The people drinking the Trivium haterade have returned in true form recently, though, with the revealing of new material from Trivium’s upcoming album, Vengeance Falls. Good luck if you’re looking for anything positive about the new tracks “Brave This Storm” and “Strife.” The most common gripes are stemming from the fact that David Draiman, frontman of Disturbed, is producing this new album. Naturally, these gripes come in many flavors of “Oh god, Matt sounds so much like Draiman,” or “Oh god, this sounds so much like Disturbed,” where what they really mean is “Oh god, Draiman was announced as the producer of this album so I’m going to actively listen for similarities and in the process will convince myself that Matt Heafy does indeed sound like David Draimain even though I wouldn’t be able to make such an assumption If I didn’t know Draiman was the producer in the first place.” People are lazy, however, so they usually go with one of the first two options. My problem with these comments in particular is that it was also publicly announced that Matt had called and talked to Machine Head’s Robb Flynn during the recording of In Waves for vocal inspiration. I guarantee you, though, that many sites never saw this as a “newsworthy” story; therefore, it didn’t get reported very much and not as many people either knew or cared. As a result, I never saw an “Oh god, Matt sounds so much like Robb Flynn” comment for anything from In Waves.
|I mean, this was the album art they released for Vengeance Falls, right?|
I don’t want this to seem like I think everyone under the sun hates Trivium, though. Some numbers would suggest otherwise. Between their last four albums, Trivium has sold over 655,000 copies in the U.S. alone (that is a real up to date number from Roadrunner). I say we take that 655,000 figure and play a fun theoretical game. Let’s say there’s this one central metal website that everyone goes to and that said metal site has put up reviews of Trivium’s last four albums. Let's also say each of these reviews got 60 comments saying that the respective albums were unbearable garbage. In addition, to up the anty, we’ll give each of those 60 comments on each review 60 likes; all from different people. Quick math tells you that’s 3600 different people per review, 14,400 total between all of them. Assuming these negative Nancy’s also bought one copy of the album they hated on, we’ll divide the 14,400 by the 655,000 total sold and find that the negative comments you were overwhelmed reading only turns out to be a little over 2% of the people that actually bought a copy. Keep in mind that 655,000 figure is on the low side and the 14,400 figure is on the extremely generous side.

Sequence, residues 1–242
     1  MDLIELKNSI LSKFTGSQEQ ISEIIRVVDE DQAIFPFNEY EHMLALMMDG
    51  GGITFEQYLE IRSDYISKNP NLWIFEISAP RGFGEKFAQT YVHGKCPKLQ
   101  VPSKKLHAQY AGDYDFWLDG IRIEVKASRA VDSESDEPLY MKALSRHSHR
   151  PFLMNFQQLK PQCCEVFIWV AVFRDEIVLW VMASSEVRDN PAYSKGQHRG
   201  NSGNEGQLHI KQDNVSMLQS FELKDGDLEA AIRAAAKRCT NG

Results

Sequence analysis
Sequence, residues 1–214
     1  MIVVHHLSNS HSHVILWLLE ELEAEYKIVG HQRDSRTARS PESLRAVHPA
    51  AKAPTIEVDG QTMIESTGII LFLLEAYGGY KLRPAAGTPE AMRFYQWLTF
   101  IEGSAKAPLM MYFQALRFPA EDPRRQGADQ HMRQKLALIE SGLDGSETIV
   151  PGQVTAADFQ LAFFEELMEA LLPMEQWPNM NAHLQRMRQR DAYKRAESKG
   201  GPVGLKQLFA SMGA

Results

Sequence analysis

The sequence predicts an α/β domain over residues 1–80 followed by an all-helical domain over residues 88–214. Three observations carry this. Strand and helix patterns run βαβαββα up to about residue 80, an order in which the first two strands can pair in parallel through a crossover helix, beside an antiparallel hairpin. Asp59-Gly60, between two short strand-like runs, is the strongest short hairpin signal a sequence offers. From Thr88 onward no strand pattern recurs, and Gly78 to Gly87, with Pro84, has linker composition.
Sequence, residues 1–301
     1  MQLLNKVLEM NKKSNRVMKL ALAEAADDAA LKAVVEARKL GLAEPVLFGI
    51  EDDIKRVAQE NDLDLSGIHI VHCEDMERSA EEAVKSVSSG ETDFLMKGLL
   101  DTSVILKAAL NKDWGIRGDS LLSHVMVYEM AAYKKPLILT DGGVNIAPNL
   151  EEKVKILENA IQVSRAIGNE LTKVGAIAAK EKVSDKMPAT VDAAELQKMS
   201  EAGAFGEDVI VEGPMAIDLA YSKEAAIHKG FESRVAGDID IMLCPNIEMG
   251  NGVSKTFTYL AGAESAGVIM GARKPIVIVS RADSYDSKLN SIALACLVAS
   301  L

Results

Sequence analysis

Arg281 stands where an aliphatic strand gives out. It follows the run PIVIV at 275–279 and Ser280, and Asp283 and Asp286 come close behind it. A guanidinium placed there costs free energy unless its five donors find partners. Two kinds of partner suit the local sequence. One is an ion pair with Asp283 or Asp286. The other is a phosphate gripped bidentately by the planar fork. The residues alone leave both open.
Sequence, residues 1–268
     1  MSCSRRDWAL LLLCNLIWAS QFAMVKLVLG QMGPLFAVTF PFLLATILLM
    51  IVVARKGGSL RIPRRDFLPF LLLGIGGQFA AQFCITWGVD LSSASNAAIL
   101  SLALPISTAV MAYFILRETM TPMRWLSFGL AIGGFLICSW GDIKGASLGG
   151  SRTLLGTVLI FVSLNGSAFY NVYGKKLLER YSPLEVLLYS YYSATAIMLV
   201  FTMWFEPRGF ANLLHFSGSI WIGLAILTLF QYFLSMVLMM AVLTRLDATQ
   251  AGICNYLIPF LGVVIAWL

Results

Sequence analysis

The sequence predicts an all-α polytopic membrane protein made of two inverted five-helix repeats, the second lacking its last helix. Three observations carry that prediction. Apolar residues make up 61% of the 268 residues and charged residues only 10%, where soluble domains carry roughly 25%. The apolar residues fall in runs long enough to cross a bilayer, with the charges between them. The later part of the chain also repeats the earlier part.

To play devil’s advocate, numbers obviously don’t always equate to quality. That applies to most art in general. However, what this article has been aiming towards is the idea of the metal community needs to embrace a band like Trivium has made it into the mainstream. During a time when Avenged Sevenfold is romping around saying stuff like "We feel that metal dropped off after the '90s in terms of production and songwriting," or they’re ready to take the torch from Metallica and Iron Maiden, (Editor's Note: Durf will be tackling this in a feature next week, as soon as he cleans up all the vomit caused by hearing it) and there are other tours like this going around, why is Trivium apparently always on everyone’s shitlist? Shouldn’t we all be thrilled by the fact that a band that remains so faithful to its metal roots simultaneously makes it accessible to more people? Don’t we all at some point have to accept that a band like Cannibal Corpse will never be widely accepted?
Of course, we have to note that when I say “on everyone’s shitlist,” I really mean on the 2%’s shitlist. This article needs to be discussed more in the comments section. Whether you love, hate, or are indifferent towards Trivium, I want to specifically know why. Comments like “I love Trivium because they’re the greatest ever!” or “I hate Trivium because they suck!” will be severely frowned upon. You should all know where I stand on the matter. Let’s hear what all you guys have to say.
I love Trivium because they're the greatest ever!ReplyDelete
Alas, I should've realized someone would actually do that. As promised, I frown at you oh anonymous one haha.Delete
If bands don't change they become stale. No two albums should ever sound alike. if they do then whats the point of making music? I see people all the time say "I want Shogun 2" or "I want Rust In Peace 2". Those Albums are masterpieces and should not be cheapened by a generic wannabe cash in album. I applaud Trivium and bands like them that try and improve their sound and try new things.ReplyDelete
I very much agree. Bands that make true efforts to craft each of their releases to sound distinctly unique should be applauded more for doing so.Delete